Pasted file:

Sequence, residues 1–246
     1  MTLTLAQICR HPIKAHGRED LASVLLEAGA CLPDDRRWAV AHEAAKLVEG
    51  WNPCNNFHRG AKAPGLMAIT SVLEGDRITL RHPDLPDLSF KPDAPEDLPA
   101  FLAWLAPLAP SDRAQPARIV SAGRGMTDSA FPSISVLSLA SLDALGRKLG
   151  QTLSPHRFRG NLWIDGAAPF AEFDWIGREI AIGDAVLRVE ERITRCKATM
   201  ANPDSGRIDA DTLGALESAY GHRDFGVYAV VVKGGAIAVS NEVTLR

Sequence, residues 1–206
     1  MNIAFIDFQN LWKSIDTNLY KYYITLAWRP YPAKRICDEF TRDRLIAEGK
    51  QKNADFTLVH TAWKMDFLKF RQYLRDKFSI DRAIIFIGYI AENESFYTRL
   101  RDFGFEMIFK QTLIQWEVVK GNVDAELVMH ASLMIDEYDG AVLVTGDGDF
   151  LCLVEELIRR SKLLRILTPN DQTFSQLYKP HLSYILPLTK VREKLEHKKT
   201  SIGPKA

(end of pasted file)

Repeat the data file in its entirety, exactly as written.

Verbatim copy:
Sequence, residues 1–246
     1  MTLTLAQICR HPIKAHGRED LASVLLEAGA CLPDDRRWAV AHEAAKLVEG
    51  WNPCNNFHRG AKAPGLMAIT SVLEGDRITL RHPDLPDLSF KPDAPEDLPA
   101  FLAWLAPLAP SDRAQPARIV SAGRGMTDSA FPSISVLSLA SLDALGRKLG
   151  QTLSPHRFRG NLWIDGAAPF AEFDWIGREI AIGDAVLRVE ERITRCKATM
   201  ANPDSGRIDA DTLGALESAY GHRDFGVYAV VVKGGAIAVS NEVTLR

Sequence, residues 1–206
     1  MNIAFIDFQN LWKSIDTNLY KYYITLAWRP YPAKRICDEF TRDRLIAEGK
    51  QKNADFTLVH TAWKMDFLKF RQYLRDKFSI DRAIIFIGYI AENESFYTRL
   101  RDFGFEMIFK QTLIQWEVVK GNVDAELVMH ASLMIDEYDG AVLVTGDGDF
   151  LCLVEELIRR SKLLRILTPN DQTFSQLYKP HLSYILPLTK VREKLEHKKT
   201  SIGPKA